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ERIC Number: ED241854
Record Type: RIE
Publication Date: 1983-Aug-30
Pages: 16
Abstractor: N/A
Reference Count: 0
Children of Separating Parents: They Are Not All Alike.
Prinz, Ronald J.; And Others
Although the events associated with divorce can have negative effects on children who are involved, child maladjustment is not the inevitable consequence of divorce. To investigate the factors which may account for observed variation in children's response to divorce, 46 elementary school children (22 boys, 24 girls), residing with their mothers, were assessed by teachers having no knowledge about the family or child, using Achenbach's Teacher Report Form of the Child Behavior Checklist. The mother and child were separately interviewed about interpersonal relations, the child's perceptions, the functioning of the mother, and status and behavioral variables. An anaylsis of the results showed a high amount of variability in children's behavioral adjustment at school following the marital separation of their parents, particularly for boys. The characteristics of the family and of the separation were related to how the child fared at school. Boys whose parents engaged in less frequent negative interchanges and who saw their fathers often after separation were doing better in school than boys who witnessed overt marital hostility in the home prior to separation. Boys who scored lower on adaptive functioning tended to attribute more blame to themselves for their parents' breakup, to show a fear of abandonment by their families, and to report that the mother frequently made derogatory comments about the father. Finally, mothers whose sons were doing better at school reflected higher performance on a parental skills test and lower stress attributable to the restrictions of the parental role. (BL)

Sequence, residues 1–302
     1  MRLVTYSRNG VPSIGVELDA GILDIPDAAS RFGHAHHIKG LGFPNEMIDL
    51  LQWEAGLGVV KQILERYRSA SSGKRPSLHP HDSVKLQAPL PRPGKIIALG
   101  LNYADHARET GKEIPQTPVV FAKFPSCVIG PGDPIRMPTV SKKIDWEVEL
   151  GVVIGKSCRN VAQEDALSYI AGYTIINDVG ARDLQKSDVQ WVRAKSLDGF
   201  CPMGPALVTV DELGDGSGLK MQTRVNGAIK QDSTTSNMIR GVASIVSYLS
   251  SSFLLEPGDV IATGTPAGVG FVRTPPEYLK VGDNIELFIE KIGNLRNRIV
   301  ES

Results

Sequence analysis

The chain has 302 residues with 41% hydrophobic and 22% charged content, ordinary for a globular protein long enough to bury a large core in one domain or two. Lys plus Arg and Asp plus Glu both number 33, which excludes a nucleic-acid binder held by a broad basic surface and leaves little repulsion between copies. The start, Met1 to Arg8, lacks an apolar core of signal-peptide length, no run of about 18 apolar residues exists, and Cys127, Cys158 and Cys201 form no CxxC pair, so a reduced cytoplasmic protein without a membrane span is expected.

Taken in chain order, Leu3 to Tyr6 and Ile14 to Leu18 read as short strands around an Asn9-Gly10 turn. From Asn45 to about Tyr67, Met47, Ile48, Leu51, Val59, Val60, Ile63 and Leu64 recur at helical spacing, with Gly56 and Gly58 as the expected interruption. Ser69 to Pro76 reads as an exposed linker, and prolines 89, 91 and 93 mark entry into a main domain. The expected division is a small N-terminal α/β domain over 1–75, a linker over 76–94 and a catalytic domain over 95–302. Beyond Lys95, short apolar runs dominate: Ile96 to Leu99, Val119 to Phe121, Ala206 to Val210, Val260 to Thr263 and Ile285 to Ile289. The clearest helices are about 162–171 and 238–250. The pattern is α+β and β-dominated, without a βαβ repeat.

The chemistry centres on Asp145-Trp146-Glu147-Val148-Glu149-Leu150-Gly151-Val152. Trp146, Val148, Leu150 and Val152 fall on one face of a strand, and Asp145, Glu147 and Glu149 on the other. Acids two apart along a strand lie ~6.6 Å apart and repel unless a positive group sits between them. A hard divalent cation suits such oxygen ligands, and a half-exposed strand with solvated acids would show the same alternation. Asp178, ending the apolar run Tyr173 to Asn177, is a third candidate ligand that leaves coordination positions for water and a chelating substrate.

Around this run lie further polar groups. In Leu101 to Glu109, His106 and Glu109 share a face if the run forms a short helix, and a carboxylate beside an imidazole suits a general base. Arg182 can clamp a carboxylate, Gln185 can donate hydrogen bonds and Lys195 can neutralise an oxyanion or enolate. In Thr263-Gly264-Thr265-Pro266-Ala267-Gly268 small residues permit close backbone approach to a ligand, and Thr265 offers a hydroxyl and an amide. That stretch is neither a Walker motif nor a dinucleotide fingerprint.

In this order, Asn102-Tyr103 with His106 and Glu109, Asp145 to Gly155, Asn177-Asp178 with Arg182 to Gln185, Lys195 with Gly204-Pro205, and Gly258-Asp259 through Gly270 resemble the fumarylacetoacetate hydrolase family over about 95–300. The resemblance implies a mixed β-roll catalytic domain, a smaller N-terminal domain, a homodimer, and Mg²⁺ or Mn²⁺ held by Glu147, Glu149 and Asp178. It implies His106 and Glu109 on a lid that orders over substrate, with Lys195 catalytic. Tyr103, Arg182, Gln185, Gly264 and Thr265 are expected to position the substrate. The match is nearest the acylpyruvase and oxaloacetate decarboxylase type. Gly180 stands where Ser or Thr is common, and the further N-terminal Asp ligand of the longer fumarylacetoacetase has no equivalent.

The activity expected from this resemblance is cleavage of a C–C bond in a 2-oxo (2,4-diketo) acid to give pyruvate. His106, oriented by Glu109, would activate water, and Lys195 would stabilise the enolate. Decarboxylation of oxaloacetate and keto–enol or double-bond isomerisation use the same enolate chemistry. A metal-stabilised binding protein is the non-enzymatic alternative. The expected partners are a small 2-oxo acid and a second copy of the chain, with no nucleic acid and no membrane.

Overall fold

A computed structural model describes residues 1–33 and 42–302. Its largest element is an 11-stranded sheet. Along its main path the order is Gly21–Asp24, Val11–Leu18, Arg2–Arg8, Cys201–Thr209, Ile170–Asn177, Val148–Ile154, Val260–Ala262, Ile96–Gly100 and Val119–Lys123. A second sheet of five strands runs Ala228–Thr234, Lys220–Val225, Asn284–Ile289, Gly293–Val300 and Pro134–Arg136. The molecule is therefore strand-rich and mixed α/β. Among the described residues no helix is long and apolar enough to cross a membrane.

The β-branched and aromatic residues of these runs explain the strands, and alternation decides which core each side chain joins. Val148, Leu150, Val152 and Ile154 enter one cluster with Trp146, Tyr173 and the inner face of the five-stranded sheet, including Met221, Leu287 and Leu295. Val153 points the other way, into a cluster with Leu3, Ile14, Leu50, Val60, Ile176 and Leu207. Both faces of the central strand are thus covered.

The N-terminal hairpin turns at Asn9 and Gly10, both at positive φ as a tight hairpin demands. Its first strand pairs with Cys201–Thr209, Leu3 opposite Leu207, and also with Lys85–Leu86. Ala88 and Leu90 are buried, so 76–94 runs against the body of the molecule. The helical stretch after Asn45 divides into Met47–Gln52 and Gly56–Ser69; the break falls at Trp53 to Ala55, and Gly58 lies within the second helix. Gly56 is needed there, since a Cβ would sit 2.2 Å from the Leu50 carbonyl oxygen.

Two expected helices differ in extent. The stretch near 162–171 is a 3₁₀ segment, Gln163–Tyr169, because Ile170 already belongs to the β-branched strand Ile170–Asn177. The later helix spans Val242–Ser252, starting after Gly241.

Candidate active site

Publication Type: Reports - Research; Speeches/Meeting Papers
Education Level: N/A
Audience: Researchers
Language: English
Sponsor: N/A
Authoring Institution: N/A
Identifiers: Parenting Skills
Note: Paper presented at the Annual Convention of the American Psychological Association (91st, Anaheim, CA, August 26-30, 1983).